One of the countries visited by the spies based in the Alps is Spain. In October, the local police detained two Russian spies engaged in activities fuelling Catalan separatism. On November 21, it was revealed that the Supreme Court of Spain had launched an investigation into the involvement of Russian intelligence services in a destabilisation campaign in Catalonia. The name of Denis Sergeyev, a Russian military intelligence veteran, is mentioned in the case. Over the last few years, he travelled to several European countries, including, among others, Ukraine and the Czech Republic. Interestingly, he was in Bulgaria at the time when two failed attempts to murder the arms dealer Emilian Gebrev took place. Sergeyev is also believed to be the third member of the group that attempted to assassinate Skripal in 2018. The Russian is suspected of arriving in Catalonia twice under a false name.
In early December, the German government expelled two Russian diplomats, presumably intelligence agents, for their alleged involvement in the assassination of a Georgian immigrant and veteran of the Chechen wars. Zelimkhan Khangoshvili was shot dead on August 23 in Berlin. Since a lot of information indicated that the hit job was the making of the Russian services, the assassin, a Russian native, was captured immediately. The subsequent investigation did indeed confirm the speculations. Berlin claims that either the Kremlin or Ramzan Kadyrov is behind the murder of Khangoshvili. Moscow responded in kind to the German accusations by expelling two German diplomats. The case may complicate the cooperation between Berlin and Moscow, embodied most recently in the Nord Stream II project. Vladimir Putin de facto publicly admitted that Russian intelligence services are responsible for the death of Khangoshvili when he called him a terrorist and a criminal during the recent press conference in Paris.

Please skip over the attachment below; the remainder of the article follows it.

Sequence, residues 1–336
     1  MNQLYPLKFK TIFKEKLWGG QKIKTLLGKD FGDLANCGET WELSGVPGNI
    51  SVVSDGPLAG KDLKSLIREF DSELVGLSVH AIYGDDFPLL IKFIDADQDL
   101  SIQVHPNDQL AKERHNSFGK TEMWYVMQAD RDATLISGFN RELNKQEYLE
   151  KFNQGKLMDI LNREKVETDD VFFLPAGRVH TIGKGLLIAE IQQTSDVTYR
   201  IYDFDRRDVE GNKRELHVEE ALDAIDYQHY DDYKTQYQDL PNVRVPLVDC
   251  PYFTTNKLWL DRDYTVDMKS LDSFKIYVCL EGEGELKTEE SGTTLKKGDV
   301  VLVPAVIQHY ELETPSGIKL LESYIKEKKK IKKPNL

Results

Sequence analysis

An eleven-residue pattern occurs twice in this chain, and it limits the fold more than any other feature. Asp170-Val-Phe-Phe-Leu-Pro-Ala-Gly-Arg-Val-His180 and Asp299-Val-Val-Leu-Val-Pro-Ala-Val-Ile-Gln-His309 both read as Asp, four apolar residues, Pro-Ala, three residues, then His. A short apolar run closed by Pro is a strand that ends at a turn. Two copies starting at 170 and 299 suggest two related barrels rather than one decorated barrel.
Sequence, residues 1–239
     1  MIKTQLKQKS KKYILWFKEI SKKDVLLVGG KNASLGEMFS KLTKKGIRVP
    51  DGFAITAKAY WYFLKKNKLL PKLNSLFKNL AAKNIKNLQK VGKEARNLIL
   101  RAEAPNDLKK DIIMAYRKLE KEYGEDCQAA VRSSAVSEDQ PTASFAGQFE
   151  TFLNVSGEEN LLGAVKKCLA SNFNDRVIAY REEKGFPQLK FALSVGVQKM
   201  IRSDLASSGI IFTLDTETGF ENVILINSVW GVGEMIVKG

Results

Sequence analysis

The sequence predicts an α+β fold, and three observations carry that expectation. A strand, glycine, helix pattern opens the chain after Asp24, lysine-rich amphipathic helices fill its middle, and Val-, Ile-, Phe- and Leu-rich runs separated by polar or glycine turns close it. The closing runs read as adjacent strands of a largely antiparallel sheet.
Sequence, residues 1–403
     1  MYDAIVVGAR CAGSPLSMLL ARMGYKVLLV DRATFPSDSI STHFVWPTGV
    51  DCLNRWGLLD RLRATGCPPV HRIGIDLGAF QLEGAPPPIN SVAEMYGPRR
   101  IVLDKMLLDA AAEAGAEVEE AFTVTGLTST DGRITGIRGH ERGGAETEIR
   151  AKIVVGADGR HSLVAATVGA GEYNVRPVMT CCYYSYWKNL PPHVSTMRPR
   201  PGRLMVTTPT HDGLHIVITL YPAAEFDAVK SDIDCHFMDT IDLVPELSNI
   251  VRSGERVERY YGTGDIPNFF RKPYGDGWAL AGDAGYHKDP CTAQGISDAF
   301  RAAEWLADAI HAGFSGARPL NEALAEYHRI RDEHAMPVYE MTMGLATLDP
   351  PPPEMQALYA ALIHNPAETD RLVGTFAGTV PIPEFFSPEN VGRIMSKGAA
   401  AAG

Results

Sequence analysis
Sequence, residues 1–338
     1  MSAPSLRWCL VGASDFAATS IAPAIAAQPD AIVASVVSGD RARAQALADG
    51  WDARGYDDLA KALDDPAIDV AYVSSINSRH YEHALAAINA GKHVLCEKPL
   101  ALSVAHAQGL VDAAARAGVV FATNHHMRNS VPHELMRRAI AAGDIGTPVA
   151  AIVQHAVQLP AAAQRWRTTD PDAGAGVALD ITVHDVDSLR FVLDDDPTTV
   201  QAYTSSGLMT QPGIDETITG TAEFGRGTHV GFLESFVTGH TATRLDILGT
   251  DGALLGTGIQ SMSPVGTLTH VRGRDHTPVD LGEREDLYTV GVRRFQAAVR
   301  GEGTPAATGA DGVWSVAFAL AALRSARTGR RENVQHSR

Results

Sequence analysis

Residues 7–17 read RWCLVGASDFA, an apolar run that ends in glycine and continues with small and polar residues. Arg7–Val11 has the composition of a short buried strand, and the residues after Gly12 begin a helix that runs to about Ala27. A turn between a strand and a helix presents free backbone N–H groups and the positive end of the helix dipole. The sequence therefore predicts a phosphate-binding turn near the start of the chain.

Moscow is spying not only on EU and NATO countries, but even on its closest allies. In mid-November, a spy scandal erupted in Serbia following the publication of a video showing Georgiy Kleban, a former deputy military attaché at the Russian Embassy in Belgrade, handing over a bag of cash to a former Serbian army officer. The video was made in December 2018. Kleban, who is a retired GRU officer, left the service at the diplomatic establishment in Serbia in June 2019. After consulting the heads of the country’s intelligence services, President of Serbia Aleksandar Vučić confirmed that the recording is authentic, however, he also added that the meeting was not filmed by Serbian agents, but by Western special services. Moreover, Vučić also said that Serbian intelligence agencies have uncovered Russia’s large-scale espionage scandal, adding that it concerns 10 incidents of contact with three Serbian sources, all of which have been filmed. While commenting on the spy scandal, the Serbian leader expressed his conviction that Putin “knew nothing about it” and emphasised that Belgrade will not change its policy towards Russia. Both the president and counter-intelligence representatives suggest that the leakage of the video footage is the result of operational activities undertaken by the intelligence services of other countries, such as the United States, the United Kingdom or France, in Serbia’s territory.
Grzegorz Kuczyński graduated in history at the University of Bialystok and specialized Eastern studies at the University of Warsaw. He is an expert on eastern affairs. He worked as a journalist and analyst for many years. He is the author of many books and publications on the inside scoop of Russian politics.